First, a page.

There’s nothing like a steaming bowl of chili and a piece of from-scratch cornbread to warm you on a cold day. At my house, it ranks right up there with beef stew and shepherd’s pie as one of our favorite comfort foods.
And since we’re experiencing record low temperatures across most of the country, and since National Chili Day is coming up on February 26th, I thought I’d share my family’s favorite version of this Texas classic!
What Makes Great Chili
Chili has its roots in the Mexican American culture, dating back to the 1800s when it was made with ground meat and lots of fresh chili peppers by families living in the San Antonio area. This frugal and flavorful soup quickly caught on and, by the early 1900s, was on restaurant menus across the country.
Today there are about as many versions of chili as there are Texans, but this simple recipe is similar to the authentic Texas chili I grew up eating – a simple yet hearty blend of ground beef, beans, and plenty of chili flavor without too much spice.
I typically cook chili on the stove, but I’ve also tossed all the ingredients into the slow cooker for 6-8 hours a couple of times. The flavor isn’t quite as rich as the stovetop method, but it’s still really good and gets the job done on a busy day!
Whether it’s cooked on the stove or in the Crock Pot, what you put on top of the chili is almost as important as what you put in it! Cheddar and sour cream are key since they provide the perfect compliment to the chili spices. And since we now know animal fat is good for us, they’re actually considered healthy too! I also like a few chopped fresh green onions to finish things off with a little color and kick.
Easily Adjust the Level of Chili Spice
Some people like to feel a little sweat on their brow when they eat chili. I personally can’t take the heat, and neither can my kids. But the beauty of this recipe is that you can increase the spice to your liking:
For Milder Chili:
Follow the recipe below as it’s written.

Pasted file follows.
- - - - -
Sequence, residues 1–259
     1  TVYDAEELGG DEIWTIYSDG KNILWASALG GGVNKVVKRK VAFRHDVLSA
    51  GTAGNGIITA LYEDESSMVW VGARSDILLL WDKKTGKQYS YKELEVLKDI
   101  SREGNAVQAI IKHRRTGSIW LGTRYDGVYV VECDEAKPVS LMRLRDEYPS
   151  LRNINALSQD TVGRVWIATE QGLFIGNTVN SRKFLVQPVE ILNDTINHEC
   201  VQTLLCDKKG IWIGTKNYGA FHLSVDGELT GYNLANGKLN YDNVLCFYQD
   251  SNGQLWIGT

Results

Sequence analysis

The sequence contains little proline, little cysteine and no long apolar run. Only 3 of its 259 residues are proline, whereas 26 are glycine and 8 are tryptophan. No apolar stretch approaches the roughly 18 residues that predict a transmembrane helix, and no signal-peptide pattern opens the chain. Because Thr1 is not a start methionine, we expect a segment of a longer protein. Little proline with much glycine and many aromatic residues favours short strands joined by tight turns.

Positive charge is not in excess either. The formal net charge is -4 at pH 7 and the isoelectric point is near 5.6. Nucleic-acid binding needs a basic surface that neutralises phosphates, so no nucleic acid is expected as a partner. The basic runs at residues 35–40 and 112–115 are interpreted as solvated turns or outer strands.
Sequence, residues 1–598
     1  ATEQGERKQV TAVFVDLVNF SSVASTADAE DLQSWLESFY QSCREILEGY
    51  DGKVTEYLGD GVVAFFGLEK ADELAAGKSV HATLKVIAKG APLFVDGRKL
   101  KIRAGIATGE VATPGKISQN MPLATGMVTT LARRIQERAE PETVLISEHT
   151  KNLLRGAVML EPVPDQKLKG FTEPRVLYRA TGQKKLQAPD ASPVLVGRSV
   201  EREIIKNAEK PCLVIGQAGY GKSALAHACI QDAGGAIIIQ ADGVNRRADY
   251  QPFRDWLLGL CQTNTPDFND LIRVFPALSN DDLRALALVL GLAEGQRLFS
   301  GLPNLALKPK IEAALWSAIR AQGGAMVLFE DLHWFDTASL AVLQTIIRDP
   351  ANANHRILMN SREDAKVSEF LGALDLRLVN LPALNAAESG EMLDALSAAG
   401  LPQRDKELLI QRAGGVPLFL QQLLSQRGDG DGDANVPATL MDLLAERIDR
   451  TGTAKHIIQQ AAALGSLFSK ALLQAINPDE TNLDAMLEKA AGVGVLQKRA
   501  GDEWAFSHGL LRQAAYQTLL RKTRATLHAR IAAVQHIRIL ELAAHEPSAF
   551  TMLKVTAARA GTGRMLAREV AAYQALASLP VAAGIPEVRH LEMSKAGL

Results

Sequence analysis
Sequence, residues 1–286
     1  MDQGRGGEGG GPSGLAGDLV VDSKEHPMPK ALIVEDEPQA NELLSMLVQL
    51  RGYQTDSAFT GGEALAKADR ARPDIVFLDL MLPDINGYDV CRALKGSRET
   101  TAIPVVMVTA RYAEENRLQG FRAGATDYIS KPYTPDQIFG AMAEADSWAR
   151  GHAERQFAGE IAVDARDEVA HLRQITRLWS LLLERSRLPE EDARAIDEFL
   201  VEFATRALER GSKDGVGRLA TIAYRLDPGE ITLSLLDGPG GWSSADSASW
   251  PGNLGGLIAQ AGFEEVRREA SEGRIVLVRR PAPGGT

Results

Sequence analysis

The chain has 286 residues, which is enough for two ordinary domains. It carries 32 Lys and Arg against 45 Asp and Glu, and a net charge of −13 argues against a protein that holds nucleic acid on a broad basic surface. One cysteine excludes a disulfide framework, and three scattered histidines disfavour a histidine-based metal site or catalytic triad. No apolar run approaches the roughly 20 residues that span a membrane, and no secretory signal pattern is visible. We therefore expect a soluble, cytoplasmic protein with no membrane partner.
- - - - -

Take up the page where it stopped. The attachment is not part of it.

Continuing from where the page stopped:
For Medium Spice Chili:
Increase the amounts of chili powder, black pepper, and cayenne called for by about 50% (to 3 Tbsp chili powder and 1 1/2 tsp each, black pepper and cayenne).
For “3 Alarm Chili” (Hot):
Follow instructions for Medium Spice Chili, and add 1-2 fresh jalapeno or habanero peppers (seeded and chopped) along with the bell pepper.
- 2 Tbsp pastured tallow, lard, or ghee
- 1 large yellow onion, chopped
- 2 bell peppers, any color, stem and seeds removed, chopped
- 2 pounds pastured ground beef
- 1 (14-16 oz) can diced tomatoes
- 1 (6 oz) can tomato paste
- 2-3 cups water
- 2 Tbsp pure maple syrup or organic granulated sugar (use more/less to your liking)
- 2 Tbsp chili powder
- 1 tsp cumin
- 1 1/2 tsp garlic powder
- 2 Tbsp smoked paprika
- 2 tsp sea salt
- 1 scant tsp black pepper
- 1 scant tsp cayenne pepper
- 1 can (or 2 cups cooked) dark red kidney beans (could also use pinto or red beans)
- Sour cream, shredded cheddar, and sliced green onions for serving
- Melt the tallow/lard/ghee over medium high heat, then saute onions and bell pepper for a few minutes. Add the ground beef and cook, stirring occasionally until just browned (I don't drain the fat, but you can if you prefer)
- Add tomatoes, tomato paste, and water, and simmer for about an hour.
- Stir in remaining ingredients and simmer for another 30-45 minutes. (This is a great time to put a batch of homemade cornbread in the oven!)
- To serve, top each bowl with shredded cheddar, sour cream, and sliced green onions, and add a slice of cornbread on the side.
- I don't use cornmeal or masa to thicken my chili, but you could easily add either of these or a little arrowroot powder toward the end of the cooking if you'd like.
- I think the stovetop method is more flavorful, but you can place all ingredients (except the cheese, sour cream, and green onions) into a slow cooker and cook on low for 6-8 hrs.
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A Note about BPA in Canned Foods
Canned goods are notorious for using BPA-linings and, despite some companies offering BPA-free canned goods, I can’t help but wonder whether there are other similar polymers used in can linings that are just as harmful.
My approach is to limit the number of canned items I use in my cooking – and to choose BPA-free canned options when possible.
Here are a few brand recommendations:
BPA-free Canned Beans
BPA-free Canned Tomatoes
Tomato Products in Glass Jars (Best option, BPA-free)